Examine and Align the Motivations of Individuals to the Group Vision

"Providing Rewards, Recognition, and Incentives to Motivate individual Team Members

"Altruism is an important attribute for participants in collaborative research.  Nonetheless, each participant, regardless of their role, will still need to derive some personal benefit from their participation. This will enable all participants to perform at their highest level and contribute the time and energy necessary for project success.  Specifics of these benefits will vary widely with individuals’ personal and career situations. For some, project-wide acknowledgement of contributions and achievements are desired, while for others, financial resources such as funding for salary release or to support technical staff may be critical.  Other benefits include opportunities for authorship on peer-reviewed publications or early access to new datasets or analyses generated by the project. When assigning tasks, it is critical to assess whether the responsible participant will benefit along with the project as a whole.

drawining. 3 people celebrating with trophy

"Professional growth opportunities can be optimized for all project participants.  This can include, but may not be limited to, acquiring disciplinary and interdisciplinary skills and knowledge.  To support this, leaders and mentors throughout the project should be expected to help members of their teams to acquire skills and knowledge.  This could involve, for example, field technicians taking a few extra minutes to help their crew understand the theory or rationale behind a particular protocol.  Or, it may involve the lead author on a synthesis paper calling meetings with co-authors during the data analysis phase to ensure all authors understand a new approach being taken.”

Quoted from pages 29 and 30 in Eigenbrode, S. D., Martin, T., Wright Morton, L., Colletti, J., Goodwin, P., Gustafson, R., Hawthorne, D., Johnson, A., Klien, J. T., Pearl. S., Richard, T., and Wolcott, M. (2017) Leading large transdisciplinary projects addressing social-ecological systems:  A primer for project directors.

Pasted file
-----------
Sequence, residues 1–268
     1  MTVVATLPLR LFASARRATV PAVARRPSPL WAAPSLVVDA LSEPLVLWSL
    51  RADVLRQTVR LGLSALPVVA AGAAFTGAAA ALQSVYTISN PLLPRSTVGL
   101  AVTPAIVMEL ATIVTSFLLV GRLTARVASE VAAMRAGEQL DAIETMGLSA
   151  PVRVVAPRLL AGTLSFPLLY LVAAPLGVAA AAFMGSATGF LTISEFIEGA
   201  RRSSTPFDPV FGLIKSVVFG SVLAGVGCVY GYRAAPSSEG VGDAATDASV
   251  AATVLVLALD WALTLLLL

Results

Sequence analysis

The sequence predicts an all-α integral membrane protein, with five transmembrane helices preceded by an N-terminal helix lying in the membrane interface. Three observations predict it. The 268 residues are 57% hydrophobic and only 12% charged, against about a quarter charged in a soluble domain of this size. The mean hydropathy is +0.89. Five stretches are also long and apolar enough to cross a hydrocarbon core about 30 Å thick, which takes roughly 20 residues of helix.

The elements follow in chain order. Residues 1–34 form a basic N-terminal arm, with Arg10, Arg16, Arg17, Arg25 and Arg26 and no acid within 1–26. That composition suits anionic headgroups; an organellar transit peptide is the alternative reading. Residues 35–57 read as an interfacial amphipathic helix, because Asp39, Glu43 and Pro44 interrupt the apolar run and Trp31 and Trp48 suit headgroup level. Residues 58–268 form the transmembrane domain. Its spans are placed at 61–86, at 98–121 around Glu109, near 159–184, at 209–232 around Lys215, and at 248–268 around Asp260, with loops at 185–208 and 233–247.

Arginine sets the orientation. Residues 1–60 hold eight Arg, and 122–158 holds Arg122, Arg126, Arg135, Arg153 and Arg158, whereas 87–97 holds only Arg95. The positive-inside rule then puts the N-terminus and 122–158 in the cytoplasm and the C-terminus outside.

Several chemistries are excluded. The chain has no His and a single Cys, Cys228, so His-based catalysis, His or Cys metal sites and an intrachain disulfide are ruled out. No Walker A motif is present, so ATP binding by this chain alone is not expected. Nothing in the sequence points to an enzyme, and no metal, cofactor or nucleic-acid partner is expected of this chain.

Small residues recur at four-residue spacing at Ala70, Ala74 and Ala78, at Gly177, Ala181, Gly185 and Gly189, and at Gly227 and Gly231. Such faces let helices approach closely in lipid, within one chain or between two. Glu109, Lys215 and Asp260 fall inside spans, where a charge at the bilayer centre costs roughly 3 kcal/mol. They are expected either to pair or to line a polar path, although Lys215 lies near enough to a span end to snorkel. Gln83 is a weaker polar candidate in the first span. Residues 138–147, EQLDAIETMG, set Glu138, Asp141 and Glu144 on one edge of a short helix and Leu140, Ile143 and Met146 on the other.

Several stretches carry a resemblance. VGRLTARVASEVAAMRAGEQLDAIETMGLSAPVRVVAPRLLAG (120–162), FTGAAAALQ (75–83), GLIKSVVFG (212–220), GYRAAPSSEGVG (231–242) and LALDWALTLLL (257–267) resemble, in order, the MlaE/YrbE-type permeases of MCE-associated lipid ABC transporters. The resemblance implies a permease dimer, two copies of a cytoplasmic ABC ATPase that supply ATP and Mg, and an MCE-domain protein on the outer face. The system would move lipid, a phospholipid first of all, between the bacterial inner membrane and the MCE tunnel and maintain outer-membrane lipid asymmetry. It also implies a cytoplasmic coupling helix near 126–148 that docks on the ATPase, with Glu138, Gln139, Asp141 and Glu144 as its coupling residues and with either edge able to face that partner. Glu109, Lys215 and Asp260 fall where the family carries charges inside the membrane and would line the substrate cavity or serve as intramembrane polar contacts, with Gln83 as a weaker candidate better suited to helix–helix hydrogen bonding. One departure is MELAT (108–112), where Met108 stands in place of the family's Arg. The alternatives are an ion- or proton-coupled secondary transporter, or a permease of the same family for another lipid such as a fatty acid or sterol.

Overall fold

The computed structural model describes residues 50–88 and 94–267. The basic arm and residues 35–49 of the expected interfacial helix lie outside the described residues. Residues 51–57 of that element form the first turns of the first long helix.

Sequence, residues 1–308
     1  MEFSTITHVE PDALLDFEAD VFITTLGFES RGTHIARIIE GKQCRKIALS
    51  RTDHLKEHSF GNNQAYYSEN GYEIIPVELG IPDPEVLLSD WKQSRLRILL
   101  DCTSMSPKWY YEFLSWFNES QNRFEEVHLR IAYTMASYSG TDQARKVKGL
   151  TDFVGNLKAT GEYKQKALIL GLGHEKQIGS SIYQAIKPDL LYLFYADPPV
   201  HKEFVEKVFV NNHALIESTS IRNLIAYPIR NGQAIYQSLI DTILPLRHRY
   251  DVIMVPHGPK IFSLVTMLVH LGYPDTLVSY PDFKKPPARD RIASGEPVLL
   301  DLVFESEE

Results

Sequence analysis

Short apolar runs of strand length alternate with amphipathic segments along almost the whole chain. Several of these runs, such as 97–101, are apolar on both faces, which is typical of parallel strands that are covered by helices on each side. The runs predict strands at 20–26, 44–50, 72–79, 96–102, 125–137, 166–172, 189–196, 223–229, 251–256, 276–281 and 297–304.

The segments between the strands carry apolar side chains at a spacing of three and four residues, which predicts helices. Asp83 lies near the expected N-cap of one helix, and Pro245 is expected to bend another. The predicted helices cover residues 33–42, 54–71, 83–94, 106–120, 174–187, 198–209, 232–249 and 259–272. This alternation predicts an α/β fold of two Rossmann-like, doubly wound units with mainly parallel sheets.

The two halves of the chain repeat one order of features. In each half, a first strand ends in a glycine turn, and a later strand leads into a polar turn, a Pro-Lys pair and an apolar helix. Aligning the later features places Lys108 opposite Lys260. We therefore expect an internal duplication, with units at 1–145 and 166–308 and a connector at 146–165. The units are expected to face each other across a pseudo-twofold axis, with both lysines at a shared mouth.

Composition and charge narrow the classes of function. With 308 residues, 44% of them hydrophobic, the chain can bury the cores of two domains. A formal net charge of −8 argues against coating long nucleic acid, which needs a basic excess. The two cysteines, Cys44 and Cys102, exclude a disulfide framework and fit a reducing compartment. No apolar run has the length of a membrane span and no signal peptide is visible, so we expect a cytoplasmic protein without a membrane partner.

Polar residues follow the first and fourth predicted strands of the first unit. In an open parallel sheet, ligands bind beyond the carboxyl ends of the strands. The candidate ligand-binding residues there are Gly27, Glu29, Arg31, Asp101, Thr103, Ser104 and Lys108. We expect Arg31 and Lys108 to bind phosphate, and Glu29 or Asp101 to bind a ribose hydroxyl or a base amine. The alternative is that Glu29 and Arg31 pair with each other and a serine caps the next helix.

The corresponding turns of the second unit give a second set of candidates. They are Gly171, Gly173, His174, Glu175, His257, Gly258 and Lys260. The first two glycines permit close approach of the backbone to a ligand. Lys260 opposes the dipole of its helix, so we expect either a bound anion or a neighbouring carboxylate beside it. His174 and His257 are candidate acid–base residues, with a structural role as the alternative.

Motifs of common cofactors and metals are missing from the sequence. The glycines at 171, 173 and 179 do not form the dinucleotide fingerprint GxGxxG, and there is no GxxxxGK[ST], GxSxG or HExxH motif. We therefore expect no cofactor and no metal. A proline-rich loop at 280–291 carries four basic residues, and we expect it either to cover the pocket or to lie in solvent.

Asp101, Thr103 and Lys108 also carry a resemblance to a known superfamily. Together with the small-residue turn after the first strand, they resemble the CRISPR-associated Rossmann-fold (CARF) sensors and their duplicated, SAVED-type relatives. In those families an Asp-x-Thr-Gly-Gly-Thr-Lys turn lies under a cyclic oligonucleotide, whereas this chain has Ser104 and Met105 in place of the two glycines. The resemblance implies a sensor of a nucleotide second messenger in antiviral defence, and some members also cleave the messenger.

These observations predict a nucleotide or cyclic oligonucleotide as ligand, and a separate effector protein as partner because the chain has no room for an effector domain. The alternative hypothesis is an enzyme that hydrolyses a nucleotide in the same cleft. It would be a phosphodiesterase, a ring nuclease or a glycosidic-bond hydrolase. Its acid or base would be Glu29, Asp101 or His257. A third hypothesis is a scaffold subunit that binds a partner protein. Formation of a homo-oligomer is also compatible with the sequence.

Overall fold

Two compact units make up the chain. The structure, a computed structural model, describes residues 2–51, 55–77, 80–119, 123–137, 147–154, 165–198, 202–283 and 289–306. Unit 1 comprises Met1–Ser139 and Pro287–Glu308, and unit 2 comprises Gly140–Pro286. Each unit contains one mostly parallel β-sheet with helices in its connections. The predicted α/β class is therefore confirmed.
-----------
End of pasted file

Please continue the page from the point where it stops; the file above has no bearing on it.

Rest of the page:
Various Team Members May Not Have Their Motivations Aligned

Two stories from the work in Olson and Olson (2014) illustrate this issue.  In the first project, the project’s goal was to develop technical support for Upper Atmospheric Physicists.  On the project, naturally, were upper atmospheric physicists and computer scientists. As it turned out, the natural reward structure for computer scientists was not to build a useful tool to support a complex science but rather to illustrate a solution to a known issue sufficient for a publication.  The systems that the original computer scientists built were tiny demonstrations rather than full featured systems of use to the physicists. When recognizing this, the Project Manager and the PIs redirected some of the funding to hire professional software engineers along with a space physicist who had learned programming to discover the features needed and to build a robust system.

Second, a Canadian company was developing features for their electronic whiteboard, targeted both to office applications and classrooms support.  The team was distributed over different cities in Canada, which may have exacerbated the problem that arose, in that the Project Manager could not see the day-to-day activities of the problem subgroup and catch the problem earlier.  The problem was that the user-experience group had dual motivations: To help build a user-friendly electronic whiteboard, but to also illustrate their value by showing the variety of ways that user-experience people were helpful. Consequently, they conducted many more complicated testing methods than necessary, holding up the progress of the enterprise.

The only remedy to these situations is for the management team to think in detail about what motivates people in the project and to openly discuss the priorities for the project to ensure that the motivations are aligned.  This is where co-developing the shared vision plays a role as well.

Written anew by Judith S. Olson, based on her experience and as reported in Olson, J. S., & Olson, G. M. (2014) Working Together Apart: Collaboration over the Internet.   Morgan & Claypool Publishers.